The TED talk they won’t show

TED talks are well known to policy wonks and geeks. I find many of them quite interesting and have linked to them. But while many people know of them, not so many know that the audience at TED conferences tend to be the well-heeled because it is for members only and the cost of attending can be quite high.

Hence I was not too surprised to read that one talk by billionaire Nick Hanauer is not going to be released because it was deemed by TED to be ‘too political’.

I wrote about Hanauer before, about how he caused some consternation amongst his class by advocating higher taxes for the wealthy and saying that wealthy people like him were not ‘job creators’, that ordinary middle class consumers were the real source of jobs.

If you want to hear his talk, you can do so here. It recapitulates what I discussed in my post and is pretty good.


  1. jamessweet says

    I don’t think it’s really fair to say it’s “not going to be released”. Like many talks given at TED conferences, they had chosen not to feature this one on the site, but as soon as there was the slightest amount of public pressure to make it available, they did so.

    We can debate whether or not to believe their alleged reasons why it wasn’t going to be featured on the website, or if really it was an attempt to conceal a talk they thought would cause “consternation” among their donors. But I think it’s sort of unfair to paint it like TED is still trying to bury this. They were like, “Alright, people want to see it, fine, here it is.”

  2. Mano Singham says

    The background to the story (see here and here) suggests that the motives of the TED people were not that benign.

    Also, I cannot find the talk on the TED site though it has appeared elsewhere. I am not sure how these other places got the video.

  3. says

    Chris Anderson responded directly to these accusations:

    I have not yet read those National Journal articles specifically, but having been aware of the controversy, Chris’ response seems totally reasonable to me, and the reason for the talk’s omission completely mundane.

  4. Somite says

    It was released here

    It was fun reading @tedchris trying to explain himself only to be mercilessly rebuked in the comments.

    My favorite comment is “He got a standing ovation. Stop the bullshit” to @tedchris’s statement that it was only a mediocre talk.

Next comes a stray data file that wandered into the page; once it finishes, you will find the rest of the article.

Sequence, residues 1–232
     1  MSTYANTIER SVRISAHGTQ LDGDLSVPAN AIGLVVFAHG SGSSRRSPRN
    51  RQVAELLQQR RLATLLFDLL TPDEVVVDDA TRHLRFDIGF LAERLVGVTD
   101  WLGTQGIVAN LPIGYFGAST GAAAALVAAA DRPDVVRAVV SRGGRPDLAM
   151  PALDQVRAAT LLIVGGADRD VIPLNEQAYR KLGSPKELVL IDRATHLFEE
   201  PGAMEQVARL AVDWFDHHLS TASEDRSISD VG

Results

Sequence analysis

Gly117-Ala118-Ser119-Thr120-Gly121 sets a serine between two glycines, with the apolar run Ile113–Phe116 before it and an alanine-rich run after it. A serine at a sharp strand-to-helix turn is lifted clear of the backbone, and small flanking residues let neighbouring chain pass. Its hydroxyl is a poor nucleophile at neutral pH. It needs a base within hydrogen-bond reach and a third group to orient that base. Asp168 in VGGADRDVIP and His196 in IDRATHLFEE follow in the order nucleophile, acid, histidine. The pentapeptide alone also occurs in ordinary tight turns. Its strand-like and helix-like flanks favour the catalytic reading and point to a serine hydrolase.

IMHO there was nothing partisan or inflammatory in that talk. It is only the illogical position of the GOP that makes it seem so.

  5. Somite says

    It is not reasonable at all because it was not partisan at all and it was as informative or more than other talks TED has posted.

  6. left0ver1under says

    Don’t you just love weasel words?

    “Hanauer’s assertion”? What assertion? The most wealthy people buy luxury items that create the fewest job in small sectors of the economy (e.g. luxury cars). There are so few wealthy people that the mundane products they buy (e.g. food) have little effect on job creation.

    The wealthy also pay the fewest taxes thanks to tax loopholes written for their benefit. More often than not, the wealthy are a net drain on society, benefitting from taxpayer funded services like road, police and fire departments without contributing to them.

    Small business has always been the source of growth and job creation. It affects the greatest number of people and leads to the greatest economic multiplier: large numbers of middle class people buy products made by the middle class people, creating the most jobs and recycling of wealth.

    Isn’t it funny that lessons taught in first year economics are forgotten by so-called “economic experts” after they get degrees?

  7. Bishop says

    Glade to hear people are making judgments on my behalf in determining what might be too controversial for the broader community. I hate the term slippery slope, but it might just apply here. Mr. Anderson needs to leave TED and associate himself with another organization whose charter is to filter information for fragile minds. Pathetic!

  8. astro says

    Yeah, it’s not like they have to set the type and print one page at a time. Just press “upload”…done

  9. tajparis says

    I’m wondering, how exactly is this speech considered partisan, and in what sense? Democrat versus Republican? That doesn’t wash. Yes the speaker mentions the Republicans in the beginning, but he also mentions the Democrats in the same sentence. He states that the lower-taxes-as-panacea ideology is an “article of faith for republicans and seldom challenged by democrats.” I interpreted this as a calling out of both parties for failing to rationally approach the matter of tax policy. That wasn’t a statement that was flattering toward one party while critical toward the other. It was critical of both parties’ handling of the issue without creating a false equivalency.

    If it is supposedly partisan on a rich->middle-class->poor continuum, then I fail to see a problem. How can you address radically increasing income disparity in any meaningful way without being partisan? These TED speeches are not supposed to be merely information lectures, they are supposed to be inspiring. Fence sitting or sterile clinical analysis is not very inspirational, giving an inspirational speech requires actually taking a position on a topic.

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